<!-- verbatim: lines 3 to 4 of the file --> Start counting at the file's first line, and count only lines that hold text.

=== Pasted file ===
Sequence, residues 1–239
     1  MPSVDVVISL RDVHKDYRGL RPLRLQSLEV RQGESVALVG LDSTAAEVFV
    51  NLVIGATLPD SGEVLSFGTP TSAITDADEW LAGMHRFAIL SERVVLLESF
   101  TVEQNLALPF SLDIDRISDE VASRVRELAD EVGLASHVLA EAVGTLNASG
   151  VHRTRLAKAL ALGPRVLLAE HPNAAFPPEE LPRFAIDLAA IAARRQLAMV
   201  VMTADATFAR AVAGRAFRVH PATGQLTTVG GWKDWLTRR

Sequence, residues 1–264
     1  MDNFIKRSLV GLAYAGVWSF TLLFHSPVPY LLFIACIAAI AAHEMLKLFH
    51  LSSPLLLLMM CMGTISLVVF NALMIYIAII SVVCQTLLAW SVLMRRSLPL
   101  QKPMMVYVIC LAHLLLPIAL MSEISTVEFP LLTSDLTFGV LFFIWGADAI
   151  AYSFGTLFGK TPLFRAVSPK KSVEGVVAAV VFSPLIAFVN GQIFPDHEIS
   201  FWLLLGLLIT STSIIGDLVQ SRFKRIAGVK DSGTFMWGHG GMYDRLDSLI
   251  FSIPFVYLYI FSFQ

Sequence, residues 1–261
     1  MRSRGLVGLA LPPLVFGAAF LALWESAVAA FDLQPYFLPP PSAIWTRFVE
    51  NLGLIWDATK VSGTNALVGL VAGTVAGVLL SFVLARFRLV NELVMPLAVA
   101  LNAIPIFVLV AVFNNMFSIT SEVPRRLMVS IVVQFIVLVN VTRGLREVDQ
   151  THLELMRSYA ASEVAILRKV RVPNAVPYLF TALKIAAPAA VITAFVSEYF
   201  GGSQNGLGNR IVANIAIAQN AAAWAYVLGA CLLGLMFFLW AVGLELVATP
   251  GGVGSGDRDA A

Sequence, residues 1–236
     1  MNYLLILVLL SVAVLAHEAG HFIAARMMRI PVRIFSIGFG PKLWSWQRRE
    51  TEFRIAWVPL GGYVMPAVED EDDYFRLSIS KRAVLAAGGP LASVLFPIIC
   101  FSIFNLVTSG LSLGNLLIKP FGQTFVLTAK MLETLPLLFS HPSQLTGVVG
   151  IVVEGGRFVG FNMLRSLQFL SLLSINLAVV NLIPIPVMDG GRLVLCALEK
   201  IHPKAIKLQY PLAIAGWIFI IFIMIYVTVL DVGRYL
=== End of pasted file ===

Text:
    51  NLVIGATLPD SGEVLSFGTP TSAITDADEW LAGMHRFAIL SERVVLLESF
   101  TVEQNLALPF SLDIDRISDE VASRVRELAD EVGLASHVLA EAVGTLNASG